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Sterling, Ill., April 21, 1902.
To the Editor:
—About one year ago, in conjunction with a local jeweler, I exposed a number of gems, both real and imitation, to the x-rays. On developing the plate, we found that the image or shadow of the real gems was very dim and indistinct, while the shadow of the false gems was dark and very sharp, showing a well-marked difference in all instances; on carrying the experiments further we found that the shadows of all the stones we examined—and we examined all the more familiar ones—were invariably faint and indistinct, while the shadows of all the imitation ones were well marked and bold. We paid no particular attention to these experiments, as. while neither of us had ever seen any mention of this use of the Roentgen rays, we thought that surely some persons had made this discovery before. But now after a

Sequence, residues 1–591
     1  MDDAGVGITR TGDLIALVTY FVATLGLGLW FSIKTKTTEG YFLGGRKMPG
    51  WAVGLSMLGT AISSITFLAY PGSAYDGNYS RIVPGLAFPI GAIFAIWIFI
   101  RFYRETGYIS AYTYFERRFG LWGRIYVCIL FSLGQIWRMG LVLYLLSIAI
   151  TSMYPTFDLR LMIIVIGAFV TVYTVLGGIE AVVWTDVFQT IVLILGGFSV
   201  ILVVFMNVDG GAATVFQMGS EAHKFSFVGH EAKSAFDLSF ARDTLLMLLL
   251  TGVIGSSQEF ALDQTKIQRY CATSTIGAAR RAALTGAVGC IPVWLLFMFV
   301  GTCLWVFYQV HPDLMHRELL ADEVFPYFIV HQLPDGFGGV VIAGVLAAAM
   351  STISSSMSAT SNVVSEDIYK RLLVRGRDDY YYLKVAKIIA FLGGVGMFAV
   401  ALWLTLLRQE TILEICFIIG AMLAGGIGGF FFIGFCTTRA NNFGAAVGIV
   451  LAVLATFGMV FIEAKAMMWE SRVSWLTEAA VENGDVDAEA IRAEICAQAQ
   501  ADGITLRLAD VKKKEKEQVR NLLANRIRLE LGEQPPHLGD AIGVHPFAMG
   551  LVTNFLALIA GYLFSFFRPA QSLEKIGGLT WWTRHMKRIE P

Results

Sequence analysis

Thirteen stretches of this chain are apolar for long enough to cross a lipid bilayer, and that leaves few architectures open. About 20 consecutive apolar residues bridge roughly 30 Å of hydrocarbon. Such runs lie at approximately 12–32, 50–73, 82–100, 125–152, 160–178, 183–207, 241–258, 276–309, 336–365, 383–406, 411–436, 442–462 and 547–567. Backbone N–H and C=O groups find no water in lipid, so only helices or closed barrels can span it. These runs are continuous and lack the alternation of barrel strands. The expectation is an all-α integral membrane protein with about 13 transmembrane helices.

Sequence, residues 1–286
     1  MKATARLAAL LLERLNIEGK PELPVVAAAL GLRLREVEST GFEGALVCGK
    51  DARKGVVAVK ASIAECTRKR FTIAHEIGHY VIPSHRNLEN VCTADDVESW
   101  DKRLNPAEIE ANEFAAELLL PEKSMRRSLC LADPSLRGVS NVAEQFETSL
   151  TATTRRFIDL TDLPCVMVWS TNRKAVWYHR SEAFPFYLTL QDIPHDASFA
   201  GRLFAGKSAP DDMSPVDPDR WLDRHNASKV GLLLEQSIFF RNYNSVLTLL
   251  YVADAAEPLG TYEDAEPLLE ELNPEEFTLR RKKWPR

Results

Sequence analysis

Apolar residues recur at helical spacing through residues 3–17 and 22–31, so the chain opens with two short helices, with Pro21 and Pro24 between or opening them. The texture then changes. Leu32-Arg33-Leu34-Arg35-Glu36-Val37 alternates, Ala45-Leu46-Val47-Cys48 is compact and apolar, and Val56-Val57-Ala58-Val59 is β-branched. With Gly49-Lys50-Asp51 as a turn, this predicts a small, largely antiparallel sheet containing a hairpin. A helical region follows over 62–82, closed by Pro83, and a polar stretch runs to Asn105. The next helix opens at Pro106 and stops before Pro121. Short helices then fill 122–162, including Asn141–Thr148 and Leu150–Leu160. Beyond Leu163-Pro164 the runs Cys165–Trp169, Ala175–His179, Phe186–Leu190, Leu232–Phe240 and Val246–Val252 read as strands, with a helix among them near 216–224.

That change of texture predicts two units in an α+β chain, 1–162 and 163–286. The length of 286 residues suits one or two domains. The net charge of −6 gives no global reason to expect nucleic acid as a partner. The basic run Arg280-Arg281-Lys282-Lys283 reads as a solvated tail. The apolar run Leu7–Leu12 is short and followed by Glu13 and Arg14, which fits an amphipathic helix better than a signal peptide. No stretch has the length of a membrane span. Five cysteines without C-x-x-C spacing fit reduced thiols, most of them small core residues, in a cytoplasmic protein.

Small HE. The Roentgen Rays in Detecting False and True Gems. JAMA. 1902;XXXVIII(18):1171–1172. doi:10.1001/jama.1902.02480180049014
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